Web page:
7 Things That Can Kill Your Company Culture

Every company develops a unique culture that defines how people feel and behave as they work. For the most part, business owners and managers take the lead in creating a culture that reflects their values.

A study published by the Gallup organization revealed that having highly engaged employees resulted in 10% increase in customer satisfaction. Research also shows that the productivity of workers can jump by 12 percent when they feel satisfied. Such efficiency gains reduce the cost of human resources and directly impact your bottom line.

Build a healthy, satisfying work environment for your business by avoiding the following killers of your company culture.

1. Not Hiring Team Players

Some people just don’t work well with others. You might even use labels, such as “jerks” to describe them. They constantly criticize their boss and try to spread discontent. If you have this type of person on your staff, now is the time to weed them out.

Meanwhile, do everything possible to ensure that you only hire team players. Try to screen your applicants by their demeanor during interviews as well as feedback from their personal references.

2. Bureaucracy

A multitiered hierarchy can kill your company culture. Seemingly endless meetings, PowerPoints, emails, and “edicts” from upper-level management can waste time and leave your team members feeling powerless.

Help people do their job by only involving them in meetings that directly impact their work. Also, ensure that each worker directly reports to only one supervisor or manager. Empower your employees to innovate to improve quality and efficiency.

3. Stress

Deadlines are only one of the many sources of stress that can kill your company culture. You need to counter the pressure to promptly complete projects with sensible work-related practices. For instance, encourage your staff to take breaks, drink water and eat healthy food.

Fantastic managers periodically check on their direct reports to answer questions and ensure that work proceeds smoothly. If you leave your employees without the answers they need, they will feel stressed, especially as due dates approach.

4. The Boss’s Way or the Highway

As a leader, you should welcome diverse perspectives and opinions, even when they contradict your own. Furthermore, by emphasizing results rather than tasks, you can help your team develop independence and confidence.

When you let everyone participate in decision-making, you help them have a sense of value and belonging. Your employees will begin to identify themselves with the firm and always look for ways to improve the way they work.

5. Lack of “Beyond the Paycheck” Motivation

Some employees only show up to work because they want a paycheck. These workers show little intrinsic motivation and will rarely do anything outside of their job description. Such workers can kill your culture and negatively impact everything your firm does.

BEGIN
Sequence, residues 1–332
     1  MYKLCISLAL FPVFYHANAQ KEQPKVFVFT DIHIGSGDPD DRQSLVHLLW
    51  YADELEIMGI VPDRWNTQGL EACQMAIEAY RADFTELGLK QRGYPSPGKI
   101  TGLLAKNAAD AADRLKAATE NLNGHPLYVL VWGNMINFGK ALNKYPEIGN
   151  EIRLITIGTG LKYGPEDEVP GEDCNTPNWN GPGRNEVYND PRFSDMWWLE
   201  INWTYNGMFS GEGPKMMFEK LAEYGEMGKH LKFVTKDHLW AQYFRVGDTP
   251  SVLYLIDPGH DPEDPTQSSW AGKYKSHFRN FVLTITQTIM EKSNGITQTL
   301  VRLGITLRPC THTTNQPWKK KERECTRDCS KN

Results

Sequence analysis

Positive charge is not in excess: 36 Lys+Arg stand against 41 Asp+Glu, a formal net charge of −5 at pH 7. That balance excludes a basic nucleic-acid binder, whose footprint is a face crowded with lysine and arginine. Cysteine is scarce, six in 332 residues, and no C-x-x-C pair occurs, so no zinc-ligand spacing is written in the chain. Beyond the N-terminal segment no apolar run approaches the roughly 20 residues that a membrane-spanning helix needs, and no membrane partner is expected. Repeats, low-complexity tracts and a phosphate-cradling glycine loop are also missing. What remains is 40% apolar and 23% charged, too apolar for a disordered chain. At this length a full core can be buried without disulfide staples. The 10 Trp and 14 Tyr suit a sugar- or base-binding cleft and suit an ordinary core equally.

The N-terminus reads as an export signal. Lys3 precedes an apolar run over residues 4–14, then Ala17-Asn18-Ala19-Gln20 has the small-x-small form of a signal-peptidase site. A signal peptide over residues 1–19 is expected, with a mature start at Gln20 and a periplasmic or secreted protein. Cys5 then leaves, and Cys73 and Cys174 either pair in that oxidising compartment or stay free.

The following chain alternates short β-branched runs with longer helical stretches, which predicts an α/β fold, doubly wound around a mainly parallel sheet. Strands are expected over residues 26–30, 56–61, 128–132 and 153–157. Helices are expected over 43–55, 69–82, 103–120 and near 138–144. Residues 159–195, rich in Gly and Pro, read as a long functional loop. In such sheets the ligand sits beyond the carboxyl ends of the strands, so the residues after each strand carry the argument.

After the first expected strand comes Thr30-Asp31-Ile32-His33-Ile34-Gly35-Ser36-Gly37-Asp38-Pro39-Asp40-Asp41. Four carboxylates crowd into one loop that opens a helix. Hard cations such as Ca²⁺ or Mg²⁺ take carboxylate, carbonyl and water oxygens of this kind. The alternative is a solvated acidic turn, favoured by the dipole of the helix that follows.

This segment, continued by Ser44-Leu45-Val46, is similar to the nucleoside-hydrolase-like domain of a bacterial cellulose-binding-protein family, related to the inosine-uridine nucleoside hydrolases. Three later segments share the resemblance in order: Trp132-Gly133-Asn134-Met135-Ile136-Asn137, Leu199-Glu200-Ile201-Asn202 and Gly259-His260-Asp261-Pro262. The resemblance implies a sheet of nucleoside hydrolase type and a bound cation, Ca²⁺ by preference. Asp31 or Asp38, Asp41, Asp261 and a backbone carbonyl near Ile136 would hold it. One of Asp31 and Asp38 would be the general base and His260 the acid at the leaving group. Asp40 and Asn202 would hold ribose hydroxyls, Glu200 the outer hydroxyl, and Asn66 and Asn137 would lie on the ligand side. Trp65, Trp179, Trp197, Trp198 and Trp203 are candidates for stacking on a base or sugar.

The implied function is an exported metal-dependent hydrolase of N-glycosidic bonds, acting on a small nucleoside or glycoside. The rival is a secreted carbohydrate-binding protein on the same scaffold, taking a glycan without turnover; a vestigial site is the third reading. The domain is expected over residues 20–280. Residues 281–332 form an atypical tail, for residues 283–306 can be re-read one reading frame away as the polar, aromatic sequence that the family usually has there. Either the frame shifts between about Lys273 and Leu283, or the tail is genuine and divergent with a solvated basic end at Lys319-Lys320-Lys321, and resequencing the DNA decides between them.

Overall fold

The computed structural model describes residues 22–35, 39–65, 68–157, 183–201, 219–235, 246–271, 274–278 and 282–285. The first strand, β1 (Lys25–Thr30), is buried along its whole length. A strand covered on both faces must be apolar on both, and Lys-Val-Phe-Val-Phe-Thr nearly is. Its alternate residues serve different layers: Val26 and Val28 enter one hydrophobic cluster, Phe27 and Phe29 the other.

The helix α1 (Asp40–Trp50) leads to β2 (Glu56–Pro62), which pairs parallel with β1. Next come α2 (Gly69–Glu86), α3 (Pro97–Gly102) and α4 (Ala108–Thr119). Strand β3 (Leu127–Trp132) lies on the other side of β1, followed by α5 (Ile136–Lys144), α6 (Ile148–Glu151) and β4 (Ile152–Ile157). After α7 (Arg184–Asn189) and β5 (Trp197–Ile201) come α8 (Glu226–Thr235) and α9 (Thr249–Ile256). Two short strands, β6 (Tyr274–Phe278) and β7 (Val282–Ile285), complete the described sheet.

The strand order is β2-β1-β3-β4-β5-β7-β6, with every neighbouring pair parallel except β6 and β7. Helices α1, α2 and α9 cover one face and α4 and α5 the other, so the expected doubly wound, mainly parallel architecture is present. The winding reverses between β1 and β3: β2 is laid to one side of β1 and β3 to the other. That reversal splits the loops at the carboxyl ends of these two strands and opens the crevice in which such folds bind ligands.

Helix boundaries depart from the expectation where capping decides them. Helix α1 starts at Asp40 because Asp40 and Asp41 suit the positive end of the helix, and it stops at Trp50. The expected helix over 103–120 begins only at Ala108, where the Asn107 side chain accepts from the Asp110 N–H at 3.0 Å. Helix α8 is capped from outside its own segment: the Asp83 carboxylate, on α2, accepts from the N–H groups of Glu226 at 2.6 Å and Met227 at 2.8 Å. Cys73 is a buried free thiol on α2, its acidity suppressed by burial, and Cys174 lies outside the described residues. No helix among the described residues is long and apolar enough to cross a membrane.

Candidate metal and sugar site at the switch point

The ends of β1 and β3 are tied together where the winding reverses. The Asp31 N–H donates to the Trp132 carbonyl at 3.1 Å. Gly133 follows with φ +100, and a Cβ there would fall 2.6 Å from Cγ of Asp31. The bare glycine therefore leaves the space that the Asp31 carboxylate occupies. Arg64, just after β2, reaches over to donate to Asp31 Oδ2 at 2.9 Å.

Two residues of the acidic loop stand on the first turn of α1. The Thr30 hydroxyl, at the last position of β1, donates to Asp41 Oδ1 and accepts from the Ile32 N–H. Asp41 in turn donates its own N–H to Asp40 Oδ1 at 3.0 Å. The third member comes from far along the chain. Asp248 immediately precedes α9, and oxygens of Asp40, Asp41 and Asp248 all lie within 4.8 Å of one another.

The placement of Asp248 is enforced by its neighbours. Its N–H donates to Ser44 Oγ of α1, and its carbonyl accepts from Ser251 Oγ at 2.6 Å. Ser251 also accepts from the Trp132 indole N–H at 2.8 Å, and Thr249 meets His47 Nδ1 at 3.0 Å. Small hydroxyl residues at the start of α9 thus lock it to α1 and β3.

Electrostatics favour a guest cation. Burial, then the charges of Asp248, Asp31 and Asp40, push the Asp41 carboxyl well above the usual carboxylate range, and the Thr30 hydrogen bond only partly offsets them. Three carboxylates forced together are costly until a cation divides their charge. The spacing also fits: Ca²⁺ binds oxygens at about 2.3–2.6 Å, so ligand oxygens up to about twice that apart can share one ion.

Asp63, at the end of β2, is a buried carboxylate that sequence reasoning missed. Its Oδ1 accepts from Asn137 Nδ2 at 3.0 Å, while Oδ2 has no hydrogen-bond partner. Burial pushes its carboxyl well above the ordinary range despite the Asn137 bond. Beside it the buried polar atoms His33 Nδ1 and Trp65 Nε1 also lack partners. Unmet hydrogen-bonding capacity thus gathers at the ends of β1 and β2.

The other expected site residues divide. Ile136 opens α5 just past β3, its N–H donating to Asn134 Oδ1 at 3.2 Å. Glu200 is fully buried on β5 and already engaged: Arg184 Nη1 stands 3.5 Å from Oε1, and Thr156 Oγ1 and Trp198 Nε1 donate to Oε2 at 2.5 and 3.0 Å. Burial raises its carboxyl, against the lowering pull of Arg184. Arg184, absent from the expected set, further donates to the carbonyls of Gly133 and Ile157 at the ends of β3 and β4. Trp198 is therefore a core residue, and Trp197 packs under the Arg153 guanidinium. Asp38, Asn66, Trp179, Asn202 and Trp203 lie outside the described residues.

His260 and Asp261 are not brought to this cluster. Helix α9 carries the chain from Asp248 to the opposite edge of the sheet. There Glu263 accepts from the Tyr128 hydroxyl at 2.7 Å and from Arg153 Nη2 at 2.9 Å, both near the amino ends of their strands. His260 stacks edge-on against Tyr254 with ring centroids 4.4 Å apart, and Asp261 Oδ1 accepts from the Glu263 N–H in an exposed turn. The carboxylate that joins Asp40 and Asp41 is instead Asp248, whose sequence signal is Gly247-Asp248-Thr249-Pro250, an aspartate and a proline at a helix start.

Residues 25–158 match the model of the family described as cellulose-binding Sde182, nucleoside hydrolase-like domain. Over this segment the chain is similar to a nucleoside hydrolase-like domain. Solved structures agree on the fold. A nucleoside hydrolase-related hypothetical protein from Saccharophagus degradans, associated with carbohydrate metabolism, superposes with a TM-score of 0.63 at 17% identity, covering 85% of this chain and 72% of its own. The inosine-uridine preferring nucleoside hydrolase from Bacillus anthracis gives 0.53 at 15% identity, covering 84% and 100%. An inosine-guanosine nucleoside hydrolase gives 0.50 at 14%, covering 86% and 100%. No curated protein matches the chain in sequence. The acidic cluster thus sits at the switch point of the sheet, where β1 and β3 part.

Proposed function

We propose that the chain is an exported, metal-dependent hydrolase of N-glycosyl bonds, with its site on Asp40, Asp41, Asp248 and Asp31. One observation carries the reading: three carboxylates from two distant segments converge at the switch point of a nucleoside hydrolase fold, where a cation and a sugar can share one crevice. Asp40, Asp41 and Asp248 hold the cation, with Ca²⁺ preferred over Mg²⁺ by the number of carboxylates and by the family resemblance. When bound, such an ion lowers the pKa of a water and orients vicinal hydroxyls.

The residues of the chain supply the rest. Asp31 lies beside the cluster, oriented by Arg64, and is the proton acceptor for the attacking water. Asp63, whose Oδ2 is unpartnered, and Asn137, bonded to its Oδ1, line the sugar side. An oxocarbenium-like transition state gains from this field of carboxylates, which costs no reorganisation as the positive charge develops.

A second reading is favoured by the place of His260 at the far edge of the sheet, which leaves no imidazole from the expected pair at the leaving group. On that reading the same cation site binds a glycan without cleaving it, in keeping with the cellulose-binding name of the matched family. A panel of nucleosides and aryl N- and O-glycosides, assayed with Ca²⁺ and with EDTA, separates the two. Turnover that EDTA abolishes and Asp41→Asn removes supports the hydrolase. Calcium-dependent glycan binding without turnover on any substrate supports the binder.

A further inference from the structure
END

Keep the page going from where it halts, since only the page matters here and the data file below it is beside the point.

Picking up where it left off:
Engage your workforce by providing perks and incentives that transcend payday. Motivate your employees by providing each of them with a clear path to advancement. Also, consider offering non-traditional work arrangements such as remote work and flexible scheduling.

6. “Keep Your Head Down and Get it Done” Attitude

Employees who focus on doing their work without providing feedback can cripple your business. You need people on your team who will share their ideas and ask questions in ways that stimulate innovation.

To create engaged employees, never ridicule a suggestion and insist on practicing an open communications policy. By creating a safe, trusting business culture, you harness the thoughts, experiences and ingenuity of your employees for the common good.

7. Micromanagement and Lack of Trust

Healthy relationships among your team members require you to trust them. However, in many companies, business owners and managers communicate distrust by micromanaging everything their workers do.

Avoid closed-door meetings and suspicious whispers in hallways that make employees feel as though you are deciding their futures without them. Instead, treat everyone with respect and assume the role of a mentor or coach rather than an overlord.

In the end, pay attention to all the feedback you receive, including from employees who leave your business. Take your employees seriously and treat them right. By building a healthy company culture, you build a strong reputation for your firm and a solid foundation for success.

Jen McKenzie is a freelance writer from New York, NY. She is fascinated by all things having to do with words,business, education and cutting-edge. When Jennifer is not busy writing, she enjoys taking long walks and spending time with her two pets Brando & Marlon. You can reach Jennifer @jenmcknzie